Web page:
Heard back from the mortgage guy with 2.75% at fifteen years.

Current mortgage, to recap:

Began 10/09 for $120,000 @ 4.99%. 30 year fixed.

We always paid extra so we're currently sitting at about ~$92,000 remaining principle.

Monthly payment owed is $643, I think we've been paying ~$250 extra to the principle each month lately but that has varied over time.

Remaining interest we'd be paying if we stuck with this loan, including extra principle payments: $35,489.55

Potential new fifteen year mortgage:

Adding an estimated 5% in fees, $92,000+$4,600 = $96,600 loan value

Estimated interest rate is 2.75%, 15 year fixed.

Monthly payment owed looks like it'll be $655.55 according to the Excel loan calculator.

Extra payments would be $238/month

Total interest we'd be paying

*without* extra payments: $21,398.73

Total interest we'd be paying

*with* extra payments: $14,529.16

[interest already paid on current loan]$35,849.55 + [interest to be paid on future loan]$14,529.16 = $50,378.71

[total interest on current loan for the full 30 years] $56,031.97

Step#1: Add up all of the costs of the Refinance (Say $2500...?)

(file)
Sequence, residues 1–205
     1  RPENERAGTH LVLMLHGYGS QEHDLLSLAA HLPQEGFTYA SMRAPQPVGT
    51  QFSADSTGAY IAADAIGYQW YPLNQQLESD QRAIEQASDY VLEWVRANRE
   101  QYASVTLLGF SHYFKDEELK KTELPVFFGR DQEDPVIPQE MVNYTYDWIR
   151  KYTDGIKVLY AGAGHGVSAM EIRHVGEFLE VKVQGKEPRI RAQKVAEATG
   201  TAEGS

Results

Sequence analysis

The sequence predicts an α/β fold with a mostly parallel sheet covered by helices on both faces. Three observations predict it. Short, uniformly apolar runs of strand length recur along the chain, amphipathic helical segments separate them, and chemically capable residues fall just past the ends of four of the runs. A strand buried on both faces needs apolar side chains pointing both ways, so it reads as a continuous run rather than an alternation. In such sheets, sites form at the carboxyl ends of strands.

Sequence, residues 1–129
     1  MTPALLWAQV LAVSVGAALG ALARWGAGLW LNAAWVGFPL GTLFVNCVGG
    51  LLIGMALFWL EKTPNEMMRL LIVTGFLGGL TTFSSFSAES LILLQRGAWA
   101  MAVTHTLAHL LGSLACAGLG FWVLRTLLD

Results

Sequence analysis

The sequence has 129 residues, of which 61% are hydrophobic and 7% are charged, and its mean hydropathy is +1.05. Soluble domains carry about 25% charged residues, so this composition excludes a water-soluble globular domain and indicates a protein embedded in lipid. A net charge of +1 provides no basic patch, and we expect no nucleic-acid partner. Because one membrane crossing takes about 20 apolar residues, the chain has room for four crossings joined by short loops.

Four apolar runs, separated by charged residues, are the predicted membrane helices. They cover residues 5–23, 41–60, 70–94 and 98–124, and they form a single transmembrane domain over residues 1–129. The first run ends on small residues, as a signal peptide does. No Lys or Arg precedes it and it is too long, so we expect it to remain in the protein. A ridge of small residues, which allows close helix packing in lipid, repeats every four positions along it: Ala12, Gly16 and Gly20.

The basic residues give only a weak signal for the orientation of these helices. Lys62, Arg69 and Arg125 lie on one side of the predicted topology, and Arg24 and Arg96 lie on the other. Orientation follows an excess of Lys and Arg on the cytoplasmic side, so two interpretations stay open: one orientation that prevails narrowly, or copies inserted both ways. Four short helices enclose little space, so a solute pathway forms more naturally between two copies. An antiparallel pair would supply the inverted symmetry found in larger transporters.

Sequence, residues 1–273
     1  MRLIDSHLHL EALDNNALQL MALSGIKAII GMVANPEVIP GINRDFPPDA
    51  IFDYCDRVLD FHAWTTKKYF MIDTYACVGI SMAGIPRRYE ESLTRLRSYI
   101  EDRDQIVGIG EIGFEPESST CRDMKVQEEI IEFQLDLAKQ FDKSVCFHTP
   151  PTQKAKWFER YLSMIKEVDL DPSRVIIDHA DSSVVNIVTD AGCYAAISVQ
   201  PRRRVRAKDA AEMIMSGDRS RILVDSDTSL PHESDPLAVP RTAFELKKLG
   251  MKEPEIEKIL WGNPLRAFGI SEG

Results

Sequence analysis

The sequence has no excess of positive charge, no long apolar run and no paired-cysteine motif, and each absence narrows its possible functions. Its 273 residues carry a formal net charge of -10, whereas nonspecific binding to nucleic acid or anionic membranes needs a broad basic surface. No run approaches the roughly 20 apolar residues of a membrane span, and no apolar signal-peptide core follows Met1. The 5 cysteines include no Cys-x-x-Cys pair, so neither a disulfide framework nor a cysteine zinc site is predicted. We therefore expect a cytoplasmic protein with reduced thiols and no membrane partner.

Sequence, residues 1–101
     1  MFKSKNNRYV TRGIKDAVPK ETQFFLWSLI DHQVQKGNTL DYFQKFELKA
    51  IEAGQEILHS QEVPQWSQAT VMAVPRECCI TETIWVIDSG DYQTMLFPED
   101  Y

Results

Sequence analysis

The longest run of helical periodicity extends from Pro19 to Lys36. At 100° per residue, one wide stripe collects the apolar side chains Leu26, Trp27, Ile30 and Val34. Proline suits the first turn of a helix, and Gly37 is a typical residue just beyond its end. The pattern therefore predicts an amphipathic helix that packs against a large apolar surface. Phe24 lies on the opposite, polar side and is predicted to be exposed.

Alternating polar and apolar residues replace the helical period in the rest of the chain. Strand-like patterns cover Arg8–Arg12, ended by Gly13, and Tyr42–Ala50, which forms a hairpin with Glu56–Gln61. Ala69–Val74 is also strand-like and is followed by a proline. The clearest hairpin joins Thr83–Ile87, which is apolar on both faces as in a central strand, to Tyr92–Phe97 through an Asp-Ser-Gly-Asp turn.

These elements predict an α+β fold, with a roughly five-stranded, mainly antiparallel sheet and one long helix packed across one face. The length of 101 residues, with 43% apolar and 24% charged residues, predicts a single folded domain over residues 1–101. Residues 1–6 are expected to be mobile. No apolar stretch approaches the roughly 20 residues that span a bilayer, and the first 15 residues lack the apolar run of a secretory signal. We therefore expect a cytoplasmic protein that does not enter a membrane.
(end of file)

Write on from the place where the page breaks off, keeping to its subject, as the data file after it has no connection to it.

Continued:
My estimate of the costs for the refi are the number the guy said off the top of his head as "they could go as high as" so this is another thing that will need to be firmed up when I move forward with the paperwork. For now I'm just using it as a placeholder.

Step #2: Calculate your break even point (at what point in time will your interest savings equals the costs of the refinance). 4.99-3.625=1.3625% times 92,000 equals roughly $1253 per year or $105 per month. If the costs are $4600 (seems high... I am thinking it should be more like $2500...?), your break even is ROUGHLY 4 years (at $2500 it's more like 2 years).... A more precise way is compare your current amortization table to a new amortization table you create and compare the two. Your loan broker should be able to do this for you.

4.99%-2.75%= 2.24%

2.24%*$92,000=$2,060.80

$2,060.80/180 months = $11.45 per month?

You lost me after that with the numbers, and I can certainly bug the loan broker like you said, but it looks like the jist of it is that we wouldn't need to be here that much longer at all to justify the 15 year mortgage.